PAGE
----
We here at Car Lust have had our own problems with the show at times. One trait in particular is the degree to which they, well, destroy cars. Especially to our readers, the thought of dropping a piano on, say, a nice example of a Ford Pinto, could be rather distressing. At first, this didn’t bother me since — truth be told — they were doing it to cars I wasn’t familiar with, so who cares? But then when Top Gear USA (which I’ve never warmed to) did the same thing to some American cars which were dear to my heart, I got a little uncomfortable with it.
That, however, goes to the heart of the matter: Top Gear was never really about cars, it was about what the hosts thought about cars, their owners, drivers, and anything else vaguely related to motoring. And what they thought was interesting, funny, and entertaining. Even people who didn’t really care much about cars could enjoy the show; they’d watch the latest supercars being run around the track, and then happily go back to their boring old Camry or (IMO) equally boring Corolla and think about flappy-paddle gear-boxes, maybe wonder about its brake horsepowers or torques, and watch out for the rozzers of whatever extraction. It made cars something more fun than objects to fuss and swoon over by a bunch of gearheads. And in the end they’re just cars.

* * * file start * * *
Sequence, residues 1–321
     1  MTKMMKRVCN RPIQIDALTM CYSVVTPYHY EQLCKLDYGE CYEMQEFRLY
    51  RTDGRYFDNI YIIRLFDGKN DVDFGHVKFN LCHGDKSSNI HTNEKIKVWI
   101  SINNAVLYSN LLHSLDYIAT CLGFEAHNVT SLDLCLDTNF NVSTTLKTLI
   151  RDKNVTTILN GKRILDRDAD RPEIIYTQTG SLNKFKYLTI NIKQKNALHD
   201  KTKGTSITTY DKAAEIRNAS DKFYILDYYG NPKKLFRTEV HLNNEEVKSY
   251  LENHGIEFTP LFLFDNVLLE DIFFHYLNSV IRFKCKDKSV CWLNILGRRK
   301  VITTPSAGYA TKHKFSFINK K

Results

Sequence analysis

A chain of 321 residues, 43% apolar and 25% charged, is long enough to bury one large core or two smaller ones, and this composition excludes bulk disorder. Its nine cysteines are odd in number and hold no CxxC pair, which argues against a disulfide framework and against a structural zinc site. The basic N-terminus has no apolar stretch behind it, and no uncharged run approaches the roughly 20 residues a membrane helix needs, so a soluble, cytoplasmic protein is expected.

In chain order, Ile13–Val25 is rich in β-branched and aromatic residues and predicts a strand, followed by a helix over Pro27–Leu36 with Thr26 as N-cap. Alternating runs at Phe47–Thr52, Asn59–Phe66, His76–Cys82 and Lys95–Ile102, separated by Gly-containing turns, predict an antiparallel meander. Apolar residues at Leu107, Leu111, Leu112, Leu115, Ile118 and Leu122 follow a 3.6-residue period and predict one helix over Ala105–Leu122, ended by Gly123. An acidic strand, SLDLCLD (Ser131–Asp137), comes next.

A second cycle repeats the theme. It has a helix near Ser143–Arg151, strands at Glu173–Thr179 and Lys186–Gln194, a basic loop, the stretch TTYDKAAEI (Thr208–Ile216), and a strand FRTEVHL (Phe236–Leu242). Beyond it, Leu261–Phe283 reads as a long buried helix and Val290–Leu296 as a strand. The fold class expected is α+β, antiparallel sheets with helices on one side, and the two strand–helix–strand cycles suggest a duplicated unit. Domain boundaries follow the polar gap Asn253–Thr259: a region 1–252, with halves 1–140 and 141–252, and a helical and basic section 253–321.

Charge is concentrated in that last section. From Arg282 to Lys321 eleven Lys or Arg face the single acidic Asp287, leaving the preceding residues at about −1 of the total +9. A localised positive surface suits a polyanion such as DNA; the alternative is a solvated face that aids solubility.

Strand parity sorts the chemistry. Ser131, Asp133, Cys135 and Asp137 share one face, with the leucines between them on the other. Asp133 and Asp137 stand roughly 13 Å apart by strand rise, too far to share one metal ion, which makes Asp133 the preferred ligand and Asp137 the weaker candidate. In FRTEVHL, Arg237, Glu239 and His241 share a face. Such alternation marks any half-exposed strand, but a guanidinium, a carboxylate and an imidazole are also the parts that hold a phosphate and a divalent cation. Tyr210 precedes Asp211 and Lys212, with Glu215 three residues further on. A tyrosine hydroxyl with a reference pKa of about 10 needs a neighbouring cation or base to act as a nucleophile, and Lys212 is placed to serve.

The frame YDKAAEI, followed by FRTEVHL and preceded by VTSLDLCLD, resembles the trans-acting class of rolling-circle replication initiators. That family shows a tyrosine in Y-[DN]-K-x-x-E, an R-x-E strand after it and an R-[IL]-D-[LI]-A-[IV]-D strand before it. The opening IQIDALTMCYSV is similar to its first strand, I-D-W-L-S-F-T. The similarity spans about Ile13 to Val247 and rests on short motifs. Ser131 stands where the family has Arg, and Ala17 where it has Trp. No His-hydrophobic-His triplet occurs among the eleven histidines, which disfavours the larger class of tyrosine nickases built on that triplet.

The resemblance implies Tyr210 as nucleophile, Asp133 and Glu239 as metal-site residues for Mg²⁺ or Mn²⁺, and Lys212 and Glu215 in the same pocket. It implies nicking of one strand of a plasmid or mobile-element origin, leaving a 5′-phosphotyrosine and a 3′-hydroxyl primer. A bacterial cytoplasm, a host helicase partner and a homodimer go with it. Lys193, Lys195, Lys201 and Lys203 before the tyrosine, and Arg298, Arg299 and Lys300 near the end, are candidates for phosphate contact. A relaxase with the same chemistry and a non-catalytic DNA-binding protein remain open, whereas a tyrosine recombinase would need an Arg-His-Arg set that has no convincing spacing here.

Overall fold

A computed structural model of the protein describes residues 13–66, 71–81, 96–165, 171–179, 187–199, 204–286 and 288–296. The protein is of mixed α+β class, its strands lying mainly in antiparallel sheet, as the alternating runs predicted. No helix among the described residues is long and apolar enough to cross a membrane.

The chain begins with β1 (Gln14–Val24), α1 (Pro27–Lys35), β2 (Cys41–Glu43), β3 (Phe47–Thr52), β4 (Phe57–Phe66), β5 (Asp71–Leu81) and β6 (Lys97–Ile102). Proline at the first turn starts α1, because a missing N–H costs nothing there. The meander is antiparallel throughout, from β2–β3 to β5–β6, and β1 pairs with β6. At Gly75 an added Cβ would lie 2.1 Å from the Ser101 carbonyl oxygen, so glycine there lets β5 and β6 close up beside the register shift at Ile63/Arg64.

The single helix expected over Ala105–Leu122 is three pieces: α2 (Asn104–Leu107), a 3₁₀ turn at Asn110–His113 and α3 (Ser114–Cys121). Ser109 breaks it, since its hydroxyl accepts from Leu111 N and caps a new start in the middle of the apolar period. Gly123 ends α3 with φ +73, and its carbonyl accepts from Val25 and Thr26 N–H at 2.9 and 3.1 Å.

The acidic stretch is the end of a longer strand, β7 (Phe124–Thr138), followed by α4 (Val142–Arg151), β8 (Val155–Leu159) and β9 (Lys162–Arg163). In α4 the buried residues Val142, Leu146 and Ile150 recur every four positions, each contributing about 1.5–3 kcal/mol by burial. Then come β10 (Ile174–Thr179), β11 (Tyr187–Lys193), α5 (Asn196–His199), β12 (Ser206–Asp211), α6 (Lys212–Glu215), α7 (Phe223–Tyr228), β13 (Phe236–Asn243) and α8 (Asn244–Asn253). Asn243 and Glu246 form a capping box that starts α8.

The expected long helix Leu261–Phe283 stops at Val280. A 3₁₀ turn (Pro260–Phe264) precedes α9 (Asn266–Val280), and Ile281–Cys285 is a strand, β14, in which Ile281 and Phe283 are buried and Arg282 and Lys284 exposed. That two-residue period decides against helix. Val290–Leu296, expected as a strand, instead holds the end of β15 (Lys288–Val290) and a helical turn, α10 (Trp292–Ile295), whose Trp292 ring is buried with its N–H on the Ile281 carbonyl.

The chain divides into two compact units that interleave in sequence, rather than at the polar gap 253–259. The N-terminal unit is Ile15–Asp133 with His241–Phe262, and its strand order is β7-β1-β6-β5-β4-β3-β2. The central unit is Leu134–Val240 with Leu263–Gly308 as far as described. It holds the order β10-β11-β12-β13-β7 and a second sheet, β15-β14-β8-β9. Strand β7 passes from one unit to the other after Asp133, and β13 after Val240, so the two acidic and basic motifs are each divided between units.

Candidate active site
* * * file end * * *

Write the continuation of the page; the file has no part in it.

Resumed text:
So while we may be tempted to place Top Gear and its now-former Clarkson-May-Hammond-Stig incarnation up on a pedestal in the annals of motoring history, I for one am simply going to remember these moments in TV history for what they were: A show about what some entertaining blokes thought about cars.
Oh, and if any of the three of you unemployed gentlemen are reading this, we have an opening for someone to write about non-North American cars, which we are somewhat lacking in experience with. We don’t pay much (read: nothing), but the hours are good and the best part is, we have diddly editorial supervision!
And since this is also a Monday when we traditionally have an open thread, feel free to discuss anything Top Gear related, especially links to your favorite clips. Here are a few of my favorites:
* All us’s and ours’s referring to we here in north America, some parts of our northern Canuckistani neighbors excepted.